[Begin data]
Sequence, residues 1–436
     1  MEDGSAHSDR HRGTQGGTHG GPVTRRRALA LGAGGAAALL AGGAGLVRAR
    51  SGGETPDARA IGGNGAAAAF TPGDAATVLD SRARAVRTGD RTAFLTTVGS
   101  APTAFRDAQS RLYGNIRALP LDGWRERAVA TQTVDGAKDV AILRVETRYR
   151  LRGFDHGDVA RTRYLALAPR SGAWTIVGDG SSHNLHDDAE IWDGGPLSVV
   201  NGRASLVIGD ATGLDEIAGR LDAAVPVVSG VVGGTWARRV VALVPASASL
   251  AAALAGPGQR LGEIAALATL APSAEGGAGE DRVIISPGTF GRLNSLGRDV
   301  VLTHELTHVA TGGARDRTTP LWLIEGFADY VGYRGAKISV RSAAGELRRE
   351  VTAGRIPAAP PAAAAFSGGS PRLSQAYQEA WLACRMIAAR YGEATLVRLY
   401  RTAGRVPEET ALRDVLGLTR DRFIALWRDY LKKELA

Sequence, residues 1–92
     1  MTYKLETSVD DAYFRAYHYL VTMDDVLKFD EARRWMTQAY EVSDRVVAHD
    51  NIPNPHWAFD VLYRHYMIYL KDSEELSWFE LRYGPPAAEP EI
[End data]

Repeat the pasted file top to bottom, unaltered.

Sequence, residues 1–436
     1  MEDGSAHSDR HRGTQGGTHG GPVTRRRALA LGAGGAAALL AGGAGLVRAR
    51  SGGETPDARA IGGNGAAAAF TPGDAATVLD SRARAVRTGD RTAFLTTVGS
   101  APTAFRDAQS RLYGNIRALP LDGWRERAVA TQTVDGAKDV AILRVETRYR
   151  LRGFDHGDVA RTRYLALAPR SGAWTIVGDG SSHNLHDDAE IWDGGPLSVV
   201  NGRASLVIGD ATGLDEIAGR LDAAVPVVSG VVGGTWARRV VALVPASASL
   251  AAALAGPGQR LGEIAALATL APSAEGGAGE DRVIISPGTF GRLNSLGRDV
   301  VLTHELTHVA TGGARDRTTP LWLIEGFADY VGYRGAKISV RSAAGELRRE
   351  VTAGRIPAAP PAAAAFSGGS PRLSQAYQEA WLACRMIAAR YGEATLVRLY
   401  RTAGRVPEET ALRDVLGLTR DRFIALWRDY LKKELA

Sequence, residues 1–92
     1  MTYKLETSVD DAYFRAYHYL VTMDDVLKFD EARRWMTQAY EVSDRVVAHD
    51  NIPNPHWAFD VLYRHYMIYL KDSEELSWFE LRYGPPAAEP EI